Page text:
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Drug repurposing for opioid use disorders: integration of computational prediction, clinical corroboration, and mechanism of action analyses


Morbidity and mortality from opioid use disorders (OUD) and other substance use disorders (SUD) is a major public health crisis, yet there are few medications to treat them. There is an urgency to accelerate SUD medication development. We present an integrated drug repurposing strategy that combines computational prediction, clinical corroboration using electronic health records (EHRs) of over 72.9 million patients and mechanisms of action analysis. Among top-ranked repurposed candidate drugs, tramadol, olanzapine, mirtazapine, bupropion, and atomoxetine were associated with increased odds of OUD remission (adjusted odds ratio: 1.51 [1.38–1.66], 1.90 [1.66–2.18], 1.38 [1.31–1.46], 1.37 [1.29–1.46], 1.48 [1.25–1.76], p value < 0.001, respectively). Genetic and functional analyses showed these five candidate drugs directly target multiple OUD-associated genes including BDNF, CYP2D6, OPRD1, OPRK1, OPRM1, HTR1B, POMC, SLC6A4 and OUD-associated pathways, including opioid signaling, G-protein activation, serotonin receptors, and GPCR signaling. In summary, we developed an integrated drug repurposing approach and identified five repurposed candidate drugs that might be of value for treating OUD patients, including those suffering from comorbid conditions.

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Fig. 1: Flowcharts of the integrate SUD repurposing system.
Fig. 2: Odds ratios of remission from opioid dependence and the corresponding 95% CI of 10 of top 20-ranked drugs.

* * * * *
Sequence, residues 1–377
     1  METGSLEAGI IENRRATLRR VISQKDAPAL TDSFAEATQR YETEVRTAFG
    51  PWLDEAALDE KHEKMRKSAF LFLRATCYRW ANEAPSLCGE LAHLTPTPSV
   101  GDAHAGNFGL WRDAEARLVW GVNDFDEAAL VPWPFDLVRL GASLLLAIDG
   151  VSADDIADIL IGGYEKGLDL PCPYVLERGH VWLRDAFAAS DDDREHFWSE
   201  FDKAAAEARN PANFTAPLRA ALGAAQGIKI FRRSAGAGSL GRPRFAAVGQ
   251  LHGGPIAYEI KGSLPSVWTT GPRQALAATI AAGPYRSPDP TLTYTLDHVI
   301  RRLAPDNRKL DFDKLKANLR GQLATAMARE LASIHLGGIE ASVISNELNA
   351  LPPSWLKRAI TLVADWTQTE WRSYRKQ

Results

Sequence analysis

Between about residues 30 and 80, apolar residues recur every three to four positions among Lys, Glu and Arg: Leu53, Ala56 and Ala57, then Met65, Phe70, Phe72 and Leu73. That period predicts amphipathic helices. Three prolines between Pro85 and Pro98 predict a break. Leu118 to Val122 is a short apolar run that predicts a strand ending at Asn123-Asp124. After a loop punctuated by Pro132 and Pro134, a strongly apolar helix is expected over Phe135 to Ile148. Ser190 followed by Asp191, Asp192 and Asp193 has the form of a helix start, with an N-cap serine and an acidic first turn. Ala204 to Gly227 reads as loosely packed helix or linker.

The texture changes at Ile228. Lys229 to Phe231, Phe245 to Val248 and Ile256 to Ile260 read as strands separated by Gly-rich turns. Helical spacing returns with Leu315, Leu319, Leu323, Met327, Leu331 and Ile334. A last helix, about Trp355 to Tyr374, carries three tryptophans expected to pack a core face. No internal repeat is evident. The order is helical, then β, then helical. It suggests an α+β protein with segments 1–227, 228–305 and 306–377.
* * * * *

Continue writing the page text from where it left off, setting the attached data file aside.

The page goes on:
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We acknowledge support from Eunice Kennedy Shriver National Institute of Child Health & Human Development of the National Institutes of Health under the NIH Director’s New Innovator Award number DP2HD084068, NIH National Institute on Aging R01 AG057557, R01 AG061388, R56 AG062272, National Institute on Drug Addiction UG1DA049435, American Cancer Society Research Scholar Grant RSG-16-049-01—MPC, and The Clinical and Translational Science Collaborative (CTSC) of Cleveland 1UL1TR002548-01.

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RX conceived, designed, and supervised the study. MZ performed drug prediction and clinical evaluation. QW performed the mechanism of action study. RX, QW, MZ, and NDV drafted the manuscript. NDV, CLZ, and AR critically contributed to data interpretation and result discussion. All authors approved the manuscript.

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Correspondence to Rong Xu.

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Zhou, M., Wang, Q., Zheng, C. et al. Drug repurposing for opioid use disorders: integration of computational prediction, clinical corroboration, and mechanism of action analyses. Mol Psychiatry 26, 5286–5296 (2021).

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